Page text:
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Vernon voters approve first in series of reforms

November 9, 2011 |  6:32 pm

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Voters in the city of Vernon approved a package of governmental reforms Tuesday that establish term limits in a community where some officials have served since the 1970s.

The vote marked the first official support from Vernon’s residents for an ongoing reform effort in the city’s government, which was launched in response to a disincorporation bill in the state Legislature earlier this year. A total of 52 ballots were cast, according to a city spokesman.

“The city is moving in the right direction and this is a part of that picture,” said John Van de Kamp, a former California attorney general who is working as Vernon’s ethics advisor. “The residents really appear to be behind the process.”

Vernon, an industrial city with about 1,800 businesses but only 112 residents, came under criticism this year from state legislators who argued its government was controlled by a small group of individuals, rather than a legitimate voting population.

Three Vernon officials have been convicted of public corruption in recent years and several leaders received annual compensation of more than $700,000 during the same period.

The attempt to disincorporate Vernon ultimately failed after a group of state senators, led by Kevin De Leon (D-Los Angeles), voiced concerns that the legislation would cause a loss in jobs. De Leon also introduced an extensive reform plan, parts of which were on the ballot Tuesday.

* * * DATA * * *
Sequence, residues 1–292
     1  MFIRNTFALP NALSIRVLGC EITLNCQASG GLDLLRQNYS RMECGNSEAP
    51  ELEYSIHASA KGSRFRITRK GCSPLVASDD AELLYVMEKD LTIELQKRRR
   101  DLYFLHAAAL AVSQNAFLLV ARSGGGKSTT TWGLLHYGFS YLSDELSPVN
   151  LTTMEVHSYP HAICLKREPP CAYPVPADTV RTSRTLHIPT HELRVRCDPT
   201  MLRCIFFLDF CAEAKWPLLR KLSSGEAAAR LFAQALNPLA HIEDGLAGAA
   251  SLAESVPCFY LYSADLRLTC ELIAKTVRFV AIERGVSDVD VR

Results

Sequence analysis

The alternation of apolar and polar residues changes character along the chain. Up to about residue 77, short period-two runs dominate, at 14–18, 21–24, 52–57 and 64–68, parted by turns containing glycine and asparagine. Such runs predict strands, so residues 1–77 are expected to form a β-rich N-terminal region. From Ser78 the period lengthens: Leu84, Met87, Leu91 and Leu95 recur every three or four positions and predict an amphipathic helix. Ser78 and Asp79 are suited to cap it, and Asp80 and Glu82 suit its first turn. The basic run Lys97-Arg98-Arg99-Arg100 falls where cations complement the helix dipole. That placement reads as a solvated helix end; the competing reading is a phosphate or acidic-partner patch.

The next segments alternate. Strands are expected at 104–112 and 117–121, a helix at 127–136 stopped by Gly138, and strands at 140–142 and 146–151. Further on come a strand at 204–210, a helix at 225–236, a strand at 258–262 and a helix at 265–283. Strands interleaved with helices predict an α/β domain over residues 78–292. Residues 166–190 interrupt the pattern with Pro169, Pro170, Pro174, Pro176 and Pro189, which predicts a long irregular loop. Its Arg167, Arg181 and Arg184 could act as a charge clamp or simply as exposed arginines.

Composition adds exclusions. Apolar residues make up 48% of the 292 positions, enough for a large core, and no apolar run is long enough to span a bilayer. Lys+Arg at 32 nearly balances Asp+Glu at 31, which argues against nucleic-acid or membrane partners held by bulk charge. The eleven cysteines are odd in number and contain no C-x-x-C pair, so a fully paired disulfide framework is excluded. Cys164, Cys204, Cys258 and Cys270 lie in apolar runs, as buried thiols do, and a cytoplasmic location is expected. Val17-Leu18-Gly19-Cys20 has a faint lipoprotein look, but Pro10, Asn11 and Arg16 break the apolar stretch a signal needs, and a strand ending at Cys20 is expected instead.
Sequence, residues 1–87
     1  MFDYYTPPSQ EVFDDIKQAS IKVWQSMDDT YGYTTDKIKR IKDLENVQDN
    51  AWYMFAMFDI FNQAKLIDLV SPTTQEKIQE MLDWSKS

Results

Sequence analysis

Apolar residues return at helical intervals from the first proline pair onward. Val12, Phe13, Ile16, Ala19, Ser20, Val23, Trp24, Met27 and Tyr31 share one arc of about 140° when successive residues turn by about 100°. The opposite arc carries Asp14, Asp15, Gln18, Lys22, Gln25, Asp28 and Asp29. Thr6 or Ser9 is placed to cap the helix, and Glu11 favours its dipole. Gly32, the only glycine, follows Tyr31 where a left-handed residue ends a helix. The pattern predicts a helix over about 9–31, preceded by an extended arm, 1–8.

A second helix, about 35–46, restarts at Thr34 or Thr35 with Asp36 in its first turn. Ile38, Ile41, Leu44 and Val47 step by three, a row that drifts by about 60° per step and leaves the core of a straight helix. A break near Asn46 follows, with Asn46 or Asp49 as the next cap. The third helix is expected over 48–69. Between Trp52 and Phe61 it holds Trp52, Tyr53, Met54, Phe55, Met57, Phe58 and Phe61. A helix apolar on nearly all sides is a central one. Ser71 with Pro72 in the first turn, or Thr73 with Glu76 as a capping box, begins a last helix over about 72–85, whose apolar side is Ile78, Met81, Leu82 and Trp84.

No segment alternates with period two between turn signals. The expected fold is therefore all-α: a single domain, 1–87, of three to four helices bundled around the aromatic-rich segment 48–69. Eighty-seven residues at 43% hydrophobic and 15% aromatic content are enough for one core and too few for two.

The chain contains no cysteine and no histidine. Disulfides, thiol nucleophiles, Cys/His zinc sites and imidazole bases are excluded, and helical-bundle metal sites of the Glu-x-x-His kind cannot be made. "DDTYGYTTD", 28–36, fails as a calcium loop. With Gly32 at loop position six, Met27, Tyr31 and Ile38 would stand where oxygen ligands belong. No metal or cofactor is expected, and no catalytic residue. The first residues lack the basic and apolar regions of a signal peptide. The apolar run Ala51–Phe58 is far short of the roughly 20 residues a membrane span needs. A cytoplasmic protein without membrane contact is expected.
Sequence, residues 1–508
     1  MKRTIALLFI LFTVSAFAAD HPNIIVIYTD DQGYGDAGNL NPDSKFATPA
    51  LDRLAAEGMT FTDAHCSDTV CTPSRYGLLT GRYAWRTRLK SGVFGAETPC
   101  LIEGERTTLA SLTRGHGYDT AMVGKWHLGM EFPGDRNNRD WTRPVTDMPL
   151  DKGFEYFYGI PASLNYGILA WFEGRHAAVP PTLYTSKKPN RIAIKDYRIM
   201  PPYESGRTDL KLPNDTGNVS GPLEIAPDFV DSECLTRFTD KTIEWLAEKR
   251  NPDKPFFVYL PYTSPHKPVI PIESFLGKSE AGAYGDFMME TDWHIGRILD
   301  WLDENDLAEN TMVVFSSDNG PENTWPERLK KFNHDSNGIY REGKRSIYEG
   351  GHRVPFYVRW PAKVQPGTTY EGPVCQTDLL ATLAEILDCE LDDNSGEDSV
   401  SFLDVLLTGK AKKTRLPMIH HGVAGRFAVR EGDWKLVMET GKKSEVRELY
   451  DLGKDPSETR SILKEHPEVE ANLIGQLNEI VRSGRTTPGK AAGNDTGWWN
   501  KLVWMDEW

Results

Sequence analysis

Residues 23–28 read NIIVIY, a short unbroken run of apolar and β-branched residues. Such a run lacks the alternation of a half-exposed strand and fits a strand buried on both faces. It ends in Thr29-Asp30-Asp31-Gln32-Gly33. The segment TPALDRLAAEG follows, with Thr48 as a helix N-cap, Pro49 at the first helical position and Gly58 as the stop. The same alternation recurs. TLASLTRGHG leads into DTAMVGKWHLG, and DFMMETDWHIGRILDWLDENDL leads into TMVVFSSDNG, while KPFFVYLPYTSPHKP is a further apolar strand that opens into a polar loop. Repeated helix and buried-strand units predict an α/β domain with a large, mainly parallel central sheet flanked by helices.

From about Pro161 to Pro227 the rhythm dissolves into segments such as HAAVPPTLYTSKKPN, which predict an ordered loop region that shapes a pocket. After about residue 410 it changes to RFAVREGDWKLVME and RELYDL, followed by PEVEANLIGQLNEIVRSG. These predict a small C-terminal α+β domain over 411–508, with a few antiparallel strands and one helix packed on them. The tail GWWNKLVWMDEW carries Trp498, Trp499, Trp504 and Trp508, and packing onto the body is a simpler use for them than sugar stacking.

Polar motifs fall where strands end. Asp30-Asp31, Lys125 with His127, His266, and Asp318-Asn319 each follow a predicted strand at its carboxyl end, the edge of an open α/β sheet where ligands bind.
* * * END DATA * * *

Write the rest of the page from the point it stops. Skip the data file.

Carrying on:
De Leon said  in an interview Wednesday that the passing of the initiatives was a positive step for the city but that there was still much more work to do to “clean up” City Hall.

Measure A, the term-limit initiative, passed with 43 votes in favor and nine opposed. The new rule, which prohibits Vernon’s council members from serving more than 10 years in office, will go into effect for the current council members at the end of their respective terms.

Three other initiatives passed unanimously: Measure B reaffirms the city’s commitment to paying prevailing wages for public works projects; Measure C  removes the “at-will” status of city employees; and Measure D eliminates certain restrictions on the firing of city administrators.  

All four of the successful measures will be amended into Vernon’s charter, meaning that the City Council will not be able to repeal the changes in the future without another vote of residents, spokesman Fred MacFarlane said. A second package of reform initiatives will be voted on later this month.

In recent weeks, some within the city expressed concerns that council members were resistant to the reforms. Last week, Mayor Hilario Gonzales submitted his resignation after criticism of the City Council’s promotion of interim city attorney Michael Montgomery. Gonzales had served on the council since 1974.

Van de Kamp has acknowledged some “push back” from the council but said he is pleased with Vernon’s progress overall. On Wednesday, he said he was confident the second series of reform initiatives would pass as well.

“I think if there was any effort to undercut the reform process we would have seen evidence of it last night, and we did not,” he said.

Gonzales and the other council members were not available for comment.

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-- Sam Allen in Vernon

Photo: Vernon is an industrial city with about 1,800 businesses but only 112 residents.

Credit: Los Angeles Times

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